If you are a fan of Cabernet Sauvignon, you may have heard of Abacus wine, a unique multi-vintage Cab blend created by the ZD Winery in Napa Valley, California. The wine contains a blend of various vintages of the winery's reserve Cabernet Sauvignon. Although the winery also produces other varietals, their flagship wine, Abacus, is also their most well-known-and most expensive-wine.
Buying Abacus Wine
Due to its unique winemaking techniques and the limited bottling, Abacus wine has gained cult status. This means bottles can be difficult to find, and the release price is high. The average release price of Abacus is around $600 per bottle. The wine sells quickly, mostly as wine futures (purchases made before the wine is released) or winery direct sales. You may also be able to find Abacus at auction or on secondary markets. Futures are sold in three bottle packs directly from ZD wines. To purchase, contact ZD Wines at (800) 487-7757.
The Birth of ZD Wines Abacus
This exclusive blend was born out of a simple conversation between two brothers sipping wine at a family gathering. As Robert and Brett de Leuze discussed their appreciation of an old, perfectly aged bottle of Cabernet Sauvignon they were sharing, they lamented the fact that while older wines have delicate tones and profound complexities, they lack the distinct fruit flavors of younger wines. Robert wondered if there was a way to create a blend of older and younger wines that would have the attributes of both. He chose to accept the challenge of producing such a product, and created Abacus using a method called the solera process.
The Solera Process
This method of aging and mixing has been used for centuries in the production of many liquids from beer to wine, vinegar, brandy, sherry, and port, among other consumable liquids. The word solera actually refers to the barrels or containers used in the procedure. The process is simple and methodical. Wine producers fill a series of containers with products at successive stages of aging, with each vessel representing a specific vintage or period. When they complete the filling, the winemakers tap the oldest liquid into a bottle. They repeat the process with the second oldest mixture. When they reach newest or youngest, the winemakers refill it with the new product. At the end of each aging period, the maker repeats the procedure, so each mixture is unique in content and flavor and contains a small amount of many different vintages of wine.
The Ascension of Abacus
Once Robert perfected the wine blending technique, Abacus was on its way to fame. The first bottling released on November 1, 1999, and contained wine from vintages from 1992 through 1998. The winery bottled only 15 percent of the wine in elegant bottles designed especially for the Abacus label, which produced only 200 cases. The rest of the blend was returned to the barrels to wait for the next young wine addition, which was a 1999 reserve Cabernet Sauvignon. The winemakers at ZD Winery, with each bottling being as well received as the last, have repeated this process almost yearly. They release Abacus in October each year.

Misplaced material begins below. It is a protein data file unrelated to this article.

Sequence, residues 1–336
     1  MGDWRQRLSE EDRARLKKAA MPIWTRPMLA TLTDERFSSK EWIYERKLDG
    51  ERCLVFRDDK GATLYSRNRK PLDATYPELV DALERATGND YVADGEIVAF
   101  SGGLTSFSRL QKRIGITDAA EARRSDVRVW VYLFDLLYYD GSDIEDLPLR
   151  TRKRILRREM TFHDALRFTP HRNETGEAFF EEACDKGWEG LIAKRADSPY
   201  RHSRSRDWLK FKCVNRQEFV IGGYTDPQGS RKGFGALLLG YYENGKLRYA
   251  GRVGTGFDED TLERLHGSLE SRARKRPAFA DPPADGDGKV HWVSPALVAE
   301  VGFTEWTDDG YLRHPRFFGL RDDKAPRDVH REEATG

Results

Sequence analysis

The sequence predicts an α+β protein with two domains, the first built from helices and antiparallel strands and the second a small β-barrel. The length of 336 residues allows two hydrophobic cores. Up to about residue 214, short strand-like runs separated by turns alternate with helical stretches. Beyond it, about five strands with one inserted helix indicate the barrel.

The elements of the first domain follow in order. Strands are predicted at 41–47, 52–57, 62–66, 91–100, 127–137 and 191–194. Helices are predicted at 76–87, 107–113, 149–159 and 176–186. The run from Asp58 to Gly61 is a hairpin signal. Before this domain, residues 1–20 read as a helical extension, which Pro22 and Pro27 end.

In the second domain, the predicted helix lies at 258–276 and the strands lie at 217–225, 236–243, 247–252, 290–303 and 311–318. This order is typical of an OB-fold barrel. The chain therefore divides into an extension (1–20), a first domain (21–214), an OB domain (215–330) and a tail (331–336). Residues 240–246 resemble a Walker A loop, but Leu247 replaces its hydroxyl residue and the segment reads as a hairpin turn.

Abacus Critical Reception
Due to the exclusivity of tasting Abacus wine, it hasn't been rated by critics very often. Users at wine-searcher rate the wine 5 out of 5 stars, indicating they find it a wine of high quality. Wine Enthusiast rated the Abacus IV many years ago and awarded it a 93-point rating noting aromas of mint, leather, and cherries. At Vivino, where Abacus is ranked in the top 1% of all the world's wine, wine drinkers also award Abacus 4.8 out of 5 stars calling it "stunning", "complex", and "incredibly smooth" among other superlatives.
Robert de Leuze wanted the name of his new blended wine to be as outstanding as its flavors. Each bottle of Abacus has a metallic medallion attached with a picture of an abacus on it. The abacus, an ancient counting tool that uses beads on two tautly strung wires to perform simple math calculations, is divided into two parts, with five beads on the bottom wire and two on the top. Each lower bead represents one unit and each upper one, five units. The beads are arranged on the Abacus labels to represent the first and last vintages used to make the first Abacus mixture, 1992 through 1998, when their values are added together. A zero row on the tool serves to separate the first and last vintage years of the first bottling of Abacus. Because the wines aren't named by vintage, the different bottlings are denoted by roman numerals. October of 2020 will mark the release of Abacus XXI, indicating the 21st bottling of the multi-vintage wine covering vintages from 1992 to 2019.
If you find the Abacus concept intriguing and would like to taste this innovative blend, contact the ZD Winery and sign up for an Abacus tour. Besides touring the winery operations, you will get to taste the reserve wines as well as the latest bottling of Abacus.